Sandra Scott, a first-year English teacher from Tales Out Of School by Shirley Ann Howard

Bertram: In Tales Out of School, you come across as bright, attractive, and personable, Sandy. Why all the self-doubt? 

Sandy: I don’t think I have self-doubt. I just question everything . . . three times. I learned it from my mother; it pervades all areas of my life. 

Bertram: In what way? 

Sandy: I prepare for my classes as if I’m rehearsing for Broadway and lie awake at night worrying about my students. Andrea is in over her head with boys at age fourteen. Rico’s chronic absence is putting him at risk for failure. And homework, I’m not at all sure what to do about that. 

Bertram: Homework completion is a problem? 

Sandy: Mega. I try to encourage the kids as much as possible and refuse to be critical like my mother. It’s important to me to maintain a good relationship with them. I like the kids and I enjoy teaching them, but they could learn so much more. There’s a whole world waiting for them, if they would put in a little time outside of class. Lenny tells me I’m doing fine and urges me to relax. He’s another problem. He’s crazy about me, but . . . we won’t even get into my relationship with him.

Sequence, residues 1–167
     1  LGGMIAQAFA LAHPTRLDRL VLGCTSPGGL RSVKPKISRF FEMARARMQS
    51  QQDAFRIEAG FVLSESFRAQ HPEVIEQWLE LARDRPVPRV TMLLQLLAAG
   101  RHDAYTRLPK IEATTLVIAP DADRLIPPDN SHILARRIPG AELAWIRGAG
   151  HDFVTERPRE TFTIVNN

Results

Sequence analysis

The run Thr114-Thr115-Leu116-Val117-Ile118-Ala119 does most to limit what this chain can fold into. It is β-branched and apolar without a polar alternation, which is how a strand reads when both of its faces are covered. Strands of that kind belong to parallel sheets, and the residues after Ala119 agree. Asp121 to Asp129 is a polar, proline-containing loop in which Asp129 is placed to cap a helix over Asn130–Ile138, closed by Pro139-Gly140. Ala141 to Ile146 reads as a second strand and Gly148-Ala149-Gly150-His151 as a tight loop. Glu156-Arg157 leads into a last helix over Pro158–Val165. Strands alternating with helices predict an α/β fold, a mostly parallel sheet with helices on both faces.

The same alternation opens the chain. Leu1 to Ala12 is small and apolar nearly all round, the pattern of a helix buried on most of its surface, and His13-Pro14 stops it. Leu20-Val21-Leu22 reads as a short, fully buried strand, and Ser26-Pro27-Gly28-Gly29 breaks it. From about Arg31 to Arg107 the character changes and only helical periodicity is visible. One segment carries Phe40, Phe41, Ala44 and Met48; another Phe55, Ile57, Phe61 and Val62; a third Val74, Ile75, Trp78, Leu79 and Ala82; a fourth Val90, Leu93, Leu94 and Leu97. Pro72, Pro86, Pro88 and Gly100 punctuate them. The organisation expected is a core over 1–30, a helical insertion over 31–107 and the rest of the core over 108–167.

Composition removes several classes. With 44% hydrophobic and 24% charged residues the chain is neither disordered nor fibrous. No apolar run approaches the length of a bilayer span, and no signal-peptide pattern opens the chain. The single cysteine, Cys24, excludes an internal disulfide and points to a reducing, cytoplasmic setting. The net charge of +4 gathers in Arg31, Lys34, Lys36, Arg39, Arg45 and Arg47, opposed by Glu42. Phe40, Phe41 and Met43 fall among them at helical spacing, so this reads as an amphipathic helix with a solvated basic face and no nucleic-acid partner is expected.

Bertram: Why not? What more could you possibly want? 

Sandy: I want him to want me . . . more often than he apparently does. He gets busy with his work and doesn’t even feel the need to call me. 

Bertram: When he’s with you, does he show love and affection? 

Sandy: Sure, but is that what our relationship is about? Off the planet sex? I’m looking for commitment . . . dare I say it? Marriage. 

Bertram: And Lenny is looking for? 

Sandy: A Ph.D. in Biochemistry. He’s totally immersed in his dissertation right now, a study of speeding up the regeneration process in certain ocean species. It’s time-consuming and difficult work, I appreciate that, but he could at least call. I lie awake at night worrying about him. It seems every time we go somewhere together, a minor catastrophe erupts. Like the time we went on the deep water excursion to collect specimens in November. Skiing in New Hampshire with him is always an adventure. Then there was the time we went to Montana; he actually had the nerve to tell me about Cindy there. 

Bertram: It sounds like you’ve been involved with him a long time. 

Sandy: I first met him when I was a freshman in college . . . by the buffet table at an awards reception in his honor. I was there to interview him for the university newspaper. He caught me when I slipped on a chunk of pineapple someone had dropped on the floor. The next thing I knew I was in his arms, our eyes met, his musk made me dizzy… you know the story. And if you don’t, you can check it out at